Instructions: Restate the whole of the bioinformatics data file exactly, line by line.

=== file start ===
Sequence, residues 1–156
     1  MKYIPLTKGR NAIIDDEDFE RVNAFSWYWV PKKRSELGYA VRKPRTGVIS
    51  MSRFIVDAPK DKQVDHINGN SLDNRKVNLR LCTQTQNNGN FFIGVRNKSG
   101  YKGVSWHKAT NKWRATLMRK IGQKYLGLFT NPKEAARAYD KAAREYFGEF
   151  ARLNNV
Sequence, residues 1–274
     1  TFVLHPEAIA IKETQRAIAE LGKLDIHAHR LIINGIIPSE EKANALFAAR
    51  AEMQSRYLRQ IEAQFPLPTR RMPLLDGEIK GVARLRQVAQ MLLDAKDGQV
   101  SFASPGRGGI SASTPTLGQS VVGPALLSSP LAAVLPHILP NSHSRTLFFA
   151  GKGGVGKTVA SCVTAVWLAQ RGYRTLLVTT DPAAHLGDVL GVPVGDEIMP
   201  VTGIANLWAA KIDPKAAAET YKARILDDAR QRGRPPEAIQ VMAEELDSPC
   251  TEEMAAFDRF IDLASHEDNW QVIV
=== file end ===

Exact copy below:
Sequence, residues 1–156
     1  MKYIPLTKGR NAIIDDEDFE RVNAFSWYWV PKKRSELGYA VRKPRTGVIS
    51  MSRFIVDAPK DKQVDHINGN SLDNRKVNLR LCTQTQNNGN FFIGVRNKSG
   101  YKGVSWHKAT NKWRATLMRK IGQKYLGLFT NPKEAARAYD KAAREYFGEF
   151  ARLNNV
Sequence, residues 1–274
     1  TFVLHPEAIA IKETQRAIAE LGKLDIHAHR LIINGIIPSE EKANALFAAR
    51  AEMQSRYLRQ IEAQFPLPTR RMPLLDGEIK GVARLRQVAQ MLLDAKDGQV
   101  SFASPGRGGI SASTPTLGQS VVGPALLSSP LAAVLPHILP NSHSRTLFFA
   151  GKGGVGKTVA SCVTAVWLAQ RGYRTLLVTT DPAAHLGDVL GVPVGDEIMP
   201  VTGIANLWAA KIDPKAAAET YKARILDDAR QRGRPPEAIQ VMAEELDSPC
   251  TEEMAAFDRF IDLASHEDNW QVIV